Figure 1
Figure 1

Suppressory T-periodic excitation f(t) versus t/T for three values of the shape parameter: m = 0 (sinusoidal pulse, thin line), m=0.717 m max i m p u l s e (nearly square-wave pulse, regular line), and m = 0.9999 (double-humped pulse, thick line). The inset shows the corresponding normalized impulse I(m)/I(m = 0) versus m.

Also, we assume that, in the absence of any SE (η = 0), the Duffing oscillator (2) displays steady chaotic behavior which ultimately comes from a homoclinic bifurcation28, while we will focus here on the effective case of the main resonance (T = 2π/ω) between the two involved excitations in the presence of SEs (η > 0). As shown below, the simple and natural choice for f(t) allows us to characterize experimentally the genuine effect on the chaos-control scenario of the impulse transmitted by generic SEs, as well as to explain theoretically that the controlling effect of varying the impulse is due to a subsequent variation of the energy transmitted by the SE, allowing us to obtain useful analytical estimates of the chaotic threshold in the φ − η control plane from Melnikov28 and energy-based analyses, as is detailed in the Supplemental Material27.

We investigated the impulse-induced chaos-control scenario in the laboratory by implementing an analog version of the Duffing oscillator (2) (see27 for additional details). Our experimental results systematically indicate that complete regularization (i.e., periodic responses of any periodicity order) mainly appears inside two maximal islands in the φ − η control plane which are roughly symmetric with respect to the two optimal suppressory values ϕ o p t { π /2, 3 π /2 } , respectively, for all values of the shape parameter (see Fig. 2).

Figure 2
Figure 2

Experimentally obtained regions in the φ − η control plane with φ [0, 2π] and η [0, 1] corresponding to chaos (non-uniform magenta regions), low-energy periodic orbits around some of the two fixed points ( x = ± β 1/2 , x . = 0 ) of the unperturbed Duffing oscillator (uniform light magenta regions), and higher-energy periodic orbits encircling both fixed points (uniform dark magenta regions) for four values of the shape parameter: (a) m = 0, (b) m=0.717 m max i m p u l s e , (c) m = 0.9, and (d) m = 0.95. Fixed parameters: δ = 0.25, γ = 0.29, β = 1, ω = 1. We also observe black stripes separating consecutive uniform light magenta regions inside the two maximal islands of regularization centered at φ/(2π) = 0.25 and φ/(2π) = 0.75. These black stripes correspond to not visited zones of the phase space when the stabilized trajectories are around one of the two fixed points and scarcely observed outside of these islands.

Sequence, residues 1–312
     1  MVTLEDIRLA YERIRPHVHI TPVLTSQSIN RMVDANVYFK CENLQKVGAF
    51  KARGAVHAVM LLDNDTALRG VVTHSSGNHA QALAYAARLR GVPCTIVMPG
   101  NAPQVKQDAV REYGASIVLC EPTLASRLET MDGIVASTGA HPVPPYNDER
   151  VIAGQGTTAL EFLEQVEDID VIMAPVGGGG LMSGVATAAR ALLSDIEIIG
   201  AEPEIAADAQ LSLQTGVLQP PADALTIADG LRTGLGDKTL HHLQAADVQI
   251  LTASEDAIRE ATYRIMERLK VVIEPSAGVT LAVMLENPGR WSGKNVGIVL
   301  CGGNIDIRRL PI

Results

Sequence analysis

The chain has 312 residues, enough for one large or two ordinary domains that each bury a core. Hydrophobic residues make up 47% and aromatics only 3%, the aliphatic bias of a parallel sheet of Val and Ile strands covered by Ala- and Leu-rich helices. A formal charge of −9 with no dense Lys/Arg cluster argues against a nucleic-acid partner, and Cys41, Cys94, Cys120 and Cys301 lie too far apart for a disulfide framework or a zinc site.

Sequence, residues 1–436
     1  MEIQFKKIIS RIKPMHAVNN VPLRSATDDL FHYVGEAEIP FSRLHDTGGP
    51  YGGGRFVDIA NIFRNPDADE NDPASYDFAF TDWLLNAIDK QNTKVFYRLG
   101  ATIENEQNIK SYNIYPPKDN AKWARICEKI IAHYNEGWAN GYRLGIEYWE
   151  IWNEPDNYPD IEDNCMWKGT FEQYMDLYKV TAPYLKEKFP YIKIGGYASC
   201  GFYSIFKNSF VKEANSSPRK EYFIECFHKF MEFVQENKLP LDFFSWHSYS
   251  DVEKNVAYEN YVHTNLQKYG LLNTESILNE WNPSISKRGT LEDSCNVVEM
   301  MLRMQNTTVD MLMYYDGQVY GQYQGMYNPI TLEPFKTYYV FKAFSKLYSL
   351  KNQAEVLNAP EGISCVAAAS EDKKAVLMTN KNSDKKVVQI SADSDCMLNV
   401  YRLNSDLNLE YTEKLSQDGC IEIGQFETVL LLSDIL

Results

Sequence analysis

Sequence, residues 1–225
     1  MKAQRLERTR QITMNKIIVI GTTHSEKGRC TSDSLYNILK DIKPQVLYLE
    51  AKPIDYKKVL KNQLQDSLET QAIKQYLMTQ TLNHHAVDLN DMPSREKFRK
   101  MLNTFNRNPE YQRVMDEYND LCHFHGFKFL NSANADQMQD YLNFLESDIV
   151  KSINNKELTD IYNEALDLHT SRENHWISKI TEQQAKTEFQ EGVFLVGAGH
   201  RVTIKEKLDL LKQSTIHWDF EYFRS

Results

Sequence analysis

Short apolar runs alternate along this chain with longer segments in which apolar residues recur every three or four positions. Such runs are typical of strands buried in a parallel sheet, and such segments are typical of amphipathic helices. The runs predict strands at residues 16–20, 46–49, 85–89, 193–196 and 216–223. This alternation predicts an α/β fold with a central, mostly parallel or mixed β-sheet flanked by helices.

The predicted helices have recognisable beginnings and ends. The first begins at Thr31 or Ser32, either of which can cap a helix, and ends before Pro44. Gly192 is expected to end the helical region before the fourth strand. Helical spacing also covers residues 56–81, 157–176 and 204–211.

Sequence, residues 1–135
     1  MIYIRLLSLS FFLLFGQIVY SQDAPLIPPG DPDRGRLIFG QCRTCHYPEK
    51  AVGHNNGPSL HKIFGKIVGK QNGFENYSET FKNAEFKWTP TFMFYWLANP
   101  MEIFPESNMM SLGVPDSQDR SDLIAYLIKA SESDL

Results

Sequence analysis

The analysis of the experimental data gives rise to the following genuine features of the present chaos-control scenario. While both the size and the shape of the boundaries of the maximal regularization islands vary as the SE’s impulse changes by solely varying m, they remain roughly centered around the optimal values ϕ o p t { π /2, 3 π /2 } (note that the entire diagrams of Fig. 2 are periodic along the φ-axis, with fundamental period equal to π), confirming thus the theoretical predictions from Melnikov and energy-based analyses27.

The lower, η min, and upper, η max, threshold values of the SE’s amplitude measured at the optimal suppressory values ϕ= ϕ o p t { π /2, 3 π /2 } as well as the difference Δη η max η min present, as functions of the shape parameter, a behavior quite similar to that of the inverse of the SE’ impulse [see Fig. 3(a)]. This can be seen more clearly in Fig. 3(b) in which it is shown the normalized amplitude thresholds η max (m)/ η max (m=0), η min (m)/ η min (m=0) together with the inverse of the normalized impulse [I(m)/I(m = 0)]−1 for the sake of comparison (see Supplemental Material27). In particular, we can see that the respective minima occur at values of the shape parameter which are very close in the sense that the difference between the corresponding values of the SE’s impulse is hardly noticeable.

Figure 3
Figure 3

Experimental values of threshold amplitudes and regularization area in the control parameter plane versus shape parameter: (a) Lower threshold amplitude η min (circles), upper threshold amplitude η max (squares), and difference Δη ≡ η max − η min (triangles) versus shape parameter m. (b) Normalized lower threshold amplitude η min , n o r m = η min , n o r m ( m ) η min (m)/ η min (m=0) (circles), normalized upper threshold amplitude η max , norm = η max , n o r m (m) η max (m)/ η max (m=0) (squares), and inverse of the normalized impulse [I(m)/I(m = 0)]−1 (solid line; cf. Eq. (S3) in Supplemental Material27). (c) Threshold amplitude η max leading the Duffing oscillator to small-amplitude periodic oscillations around one of the fixed points ( x = ± β 1/2 , x ̇ = 0 ) of the unperturbed Duffing oscillator (squares), its normalized version η max , n o r m = η max , n o r m (m) η max (m)/ η max (m=0) (circles), and analytical estimate of the latter [solid line; cf. Eq. (3)]. (d) Normalized areas of regularized regions in the φ − η control plane, A n o r m = A n o r m (m)A(m)/A ( m = 0 ) (squares), A n o r m = A n o r m ( m ) A(m)/ A t o t a l (circles), in which A(m) and A total are the regularization area and the total area, respectively. The solid line denotes the inverse of the normalized impulse [I(m)/I(m = 0)]−1, whereas the orange arrows indicate the value m= m max i m p u l s e 0.717, i.e., the m value at which the SE’s impulse is maximum. Fixed parameters: δ= 0.25 , γ= 0.29 , β= 1 , ω=1.